Campus & Community

Harvard announces decision to divest PetroChina stock

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The Harvard Corporation today (April 4) announced its decision to have Harvard Management Company divest its holdings of stock in PetroChina Company Limited.

“This decision reflects deep concerns about the grievous crisis that persists in the Darfur region of Sudan and about the extensive role of PetroChina’s closely affiliated parent company, China National Petroleum Corporation, as a leading partner of the Sudanese government in the production of oil in Sudan,” said the University’s Corporation Committee on Shareholder Responsibility (CCSR) in a statement endorsed by the Corporation. “Oil is a critical source of revenue and an asset of paramount strategic importance to the Sudanese government, which has been found to be complicit in what the U.S. Congress and U.S. State Department have termed ‘genocide’ in Darfur and what a United Nations commission of inquiry recently characterized as ‘crimes against humanity and war crimes . . . [that] may be no less serious and heinous than genocide.’”

The Corporation’s decision, on the recommendation of the CCSR, was made in light of advice from the University’s Advisory Committee on Shareholder Responsibility (ACSR), which comprises four faculty members, four students, and four alumni. At the request of President Lawrence H. Summers, the CCSR had asked the ACSR to study the issue, after concerns had been expressed by members of the Harvard community about PetroChina and the situation in Darfur. A subcommittee of the ACSR, after hearing from representatives of the group urging divestment from companies doing business with Sudan and otherwise inquiring into the circumstances, prepared a report recommending divestment from PetroChina. The full ACSR endorsed the subcommittee recommendation and forwarded the report to the CCSR, which in turn brought forward the recommendation to the Corporation.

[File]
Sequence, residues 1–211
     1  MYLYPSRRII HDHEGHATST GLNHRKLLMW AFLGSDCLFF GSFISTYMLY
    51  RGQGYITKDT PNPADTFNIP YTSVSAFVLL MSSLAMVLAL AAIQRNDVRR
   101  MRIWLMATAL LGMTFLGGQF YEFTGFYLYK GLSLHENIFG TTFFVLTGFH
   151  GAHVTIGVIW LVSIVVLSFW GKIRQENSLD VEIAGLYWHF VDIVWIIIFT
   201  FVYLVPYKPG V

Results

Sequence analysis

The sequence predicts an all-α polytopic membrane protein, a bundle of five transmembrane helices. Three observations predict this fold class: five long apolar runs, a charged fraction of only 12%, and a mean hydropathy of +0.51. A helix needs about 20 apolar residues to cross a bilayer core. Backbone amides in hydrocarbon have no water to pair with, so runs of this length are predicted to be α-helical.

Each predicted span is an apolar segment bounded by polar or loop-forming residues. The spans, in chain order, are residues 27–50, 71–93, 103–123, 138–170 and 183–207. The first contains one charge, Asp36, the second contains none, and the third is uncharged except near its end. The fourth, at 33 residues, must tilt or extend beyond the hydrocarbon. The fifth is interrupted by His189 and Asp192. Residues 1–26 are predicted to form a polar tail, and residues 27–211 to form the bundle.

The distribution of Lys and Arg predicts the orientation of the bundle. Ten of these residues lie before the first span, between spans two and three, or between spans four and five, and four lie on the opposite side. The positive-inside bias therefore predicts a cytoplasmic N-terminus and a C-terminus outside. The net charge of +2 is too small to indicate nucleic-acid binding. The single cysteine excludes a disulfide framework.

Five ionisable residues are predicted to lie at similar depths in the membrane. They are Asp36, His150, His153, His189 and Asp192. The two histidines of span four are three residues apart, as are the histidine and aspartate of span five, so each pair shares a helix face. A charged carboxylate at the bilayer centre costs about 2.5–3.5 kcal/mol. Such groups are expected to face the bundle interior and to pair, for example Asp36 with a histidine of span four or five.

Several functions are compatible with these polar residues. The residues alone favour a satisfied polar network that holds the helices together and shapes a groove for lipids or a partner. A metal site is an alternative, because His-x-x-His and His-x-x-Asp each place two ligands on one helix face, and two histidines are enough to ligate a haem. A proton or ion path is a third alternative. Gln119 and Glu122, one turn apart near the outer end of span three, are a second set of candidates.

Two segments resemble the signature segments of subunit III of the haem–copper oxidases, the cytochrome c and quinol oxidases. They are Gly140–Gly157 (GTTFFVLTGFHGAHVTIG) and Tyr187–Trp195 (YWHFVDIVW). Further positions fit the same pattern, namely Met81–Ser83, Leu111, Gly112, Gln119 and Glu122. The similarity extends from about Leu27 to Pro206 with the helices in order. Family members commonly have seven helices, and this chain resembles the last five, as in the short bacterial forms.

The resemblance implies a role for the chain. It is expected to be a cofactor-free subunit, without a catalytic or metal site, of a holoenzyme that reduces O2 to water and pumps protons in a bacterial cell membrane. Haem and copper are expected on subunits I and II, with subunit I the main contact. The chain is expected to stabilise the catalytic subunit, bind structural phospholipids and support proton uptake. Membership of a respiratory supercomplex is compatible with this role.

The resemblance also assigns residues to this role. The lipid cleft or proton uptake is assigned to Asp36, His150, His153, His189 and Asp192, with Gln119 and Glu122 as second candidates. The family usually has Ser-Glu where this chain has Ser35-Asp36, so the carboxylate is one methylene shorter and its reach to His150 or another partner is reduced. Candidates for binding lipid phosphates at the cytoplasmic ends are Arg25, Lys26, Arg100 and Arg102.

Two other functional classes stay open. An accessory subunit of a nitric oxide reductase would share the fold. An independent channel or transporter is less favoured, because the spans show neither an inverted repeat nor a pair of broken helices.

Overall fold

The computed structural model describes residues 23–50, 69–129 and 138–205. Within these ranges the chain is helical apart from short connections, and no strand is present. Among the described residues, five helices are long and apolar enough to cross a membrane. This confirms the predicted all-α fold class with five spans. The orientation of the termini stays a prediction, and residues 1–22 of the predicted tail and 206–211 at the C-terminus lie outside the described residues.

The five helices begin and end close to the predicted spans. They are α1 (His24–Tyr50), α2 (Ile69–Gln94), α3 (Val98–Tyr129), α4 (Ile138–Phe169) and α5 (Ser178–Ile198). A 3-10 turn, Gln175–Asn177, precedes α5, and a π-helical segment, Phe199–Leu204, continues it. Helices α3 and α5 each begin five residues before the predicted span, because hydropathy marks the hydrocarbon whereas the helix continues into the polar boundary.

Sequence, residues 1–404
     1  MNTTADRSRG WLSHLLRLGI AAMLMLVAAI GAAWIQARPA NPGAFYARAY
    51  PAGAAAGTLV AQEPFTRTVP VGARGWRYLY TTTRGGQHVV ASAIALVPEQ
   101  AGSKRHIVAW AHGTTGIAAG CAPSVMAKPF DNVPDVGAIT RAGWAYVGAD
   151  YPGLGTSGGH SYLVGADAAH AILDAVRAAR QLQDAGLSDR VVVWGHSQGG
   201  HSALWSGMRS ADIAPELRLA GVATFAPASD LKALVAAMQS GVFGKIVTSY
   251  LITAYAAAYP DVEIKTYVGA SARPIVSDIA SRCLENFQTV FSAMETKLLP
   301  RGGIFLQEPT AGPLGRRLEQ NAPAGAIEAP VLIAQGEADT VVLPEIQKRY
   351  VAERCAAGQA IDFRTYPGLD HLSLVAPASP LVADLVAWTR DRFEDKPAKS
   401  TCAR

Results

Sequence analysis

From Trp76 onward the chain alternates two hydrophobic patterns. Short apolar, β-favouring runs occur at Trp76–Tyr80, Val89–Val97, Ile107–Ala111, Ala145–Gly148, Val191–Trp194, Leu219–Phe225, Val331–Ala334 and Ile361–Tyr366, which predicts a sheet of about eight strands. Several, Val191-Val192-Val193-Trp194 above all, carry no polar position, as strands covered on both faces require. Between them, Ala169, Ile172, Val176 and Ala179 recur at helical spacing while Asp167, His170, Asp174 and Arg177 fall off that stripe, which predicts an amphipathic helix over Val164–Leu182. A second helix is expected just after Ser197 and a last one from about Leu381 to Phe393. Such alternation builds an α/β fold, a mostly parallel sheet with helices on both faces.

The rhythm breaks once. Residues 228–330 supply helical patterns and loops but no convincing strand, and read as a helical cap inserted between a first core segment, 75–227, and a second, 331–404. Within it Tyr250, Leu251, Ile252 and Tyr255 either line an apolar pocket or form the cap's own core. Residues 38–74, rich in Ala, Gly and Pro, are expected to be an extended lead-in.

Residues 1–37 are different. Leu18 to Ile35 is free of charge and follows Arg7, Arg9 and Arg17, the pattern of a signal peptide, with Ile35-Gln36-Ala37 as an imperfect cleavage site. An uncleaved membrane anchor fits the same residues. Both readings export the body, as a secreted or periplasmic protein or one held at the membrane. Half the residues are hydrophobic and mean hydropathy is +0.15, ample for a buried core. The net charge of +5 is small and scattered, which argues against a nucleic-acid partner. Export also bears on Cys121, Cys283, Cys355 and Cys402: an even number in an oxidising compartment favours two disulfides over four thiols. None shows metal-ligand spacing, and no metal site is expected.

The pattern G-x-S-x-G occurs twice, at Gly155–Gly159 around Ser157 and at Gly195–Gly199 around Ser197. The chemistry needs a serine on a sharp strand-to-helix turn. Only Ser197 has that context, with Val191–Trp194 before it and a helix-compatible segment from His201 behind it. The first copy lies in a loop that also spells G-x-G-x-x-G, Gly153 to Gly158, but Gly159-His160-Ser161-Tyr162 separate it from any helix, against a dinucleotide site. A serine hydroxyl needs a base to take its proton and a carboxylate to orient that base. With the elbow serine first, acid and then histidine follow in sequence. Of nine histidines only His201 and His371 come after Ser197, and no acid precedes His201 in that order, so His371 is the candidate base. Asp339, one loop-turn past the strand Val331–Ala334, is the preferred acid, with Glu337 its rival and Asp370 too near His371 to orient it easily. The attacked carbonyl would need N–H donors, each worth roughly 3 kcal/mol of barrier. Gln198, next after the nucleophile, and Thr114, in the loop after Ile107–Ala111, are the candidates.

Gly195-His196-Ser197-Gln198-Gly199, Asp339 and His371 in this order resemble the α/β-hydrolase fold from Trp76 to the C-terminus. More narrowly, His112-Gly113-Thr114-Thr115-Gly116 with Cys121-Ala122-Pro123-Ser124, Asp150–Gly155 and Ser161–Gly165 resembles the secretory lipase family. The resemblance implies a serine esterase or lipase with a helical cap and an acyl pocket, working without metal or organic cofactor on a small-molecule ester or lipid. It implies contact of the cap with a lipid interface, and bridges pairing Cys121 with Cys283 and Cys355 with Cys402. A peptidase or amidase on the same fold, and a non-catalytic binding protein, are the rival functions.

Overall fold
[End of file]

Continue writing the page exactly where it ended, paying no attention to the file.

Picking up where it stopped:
“I want to thank the ACSR for its thoughtful consideration of these issues,” said Summers. “Divestment is not a step that Harvard takes lightly, but I believe there is a compelling case for action in these special circumstances, in light of the terrible situation still unfolding in Darfur and the leading role played by PetroChina’s parent company in the Sudanese oil industry, which is so important to the Sudanese regime.”

While affirming the strong institutional presumption against divesting stock for reasons unrelated to investment purposes, the Corporation accepted the recommendation that the extraordinary combination of circumstances presented in the case of PetroChina warrants the rare step of divestment.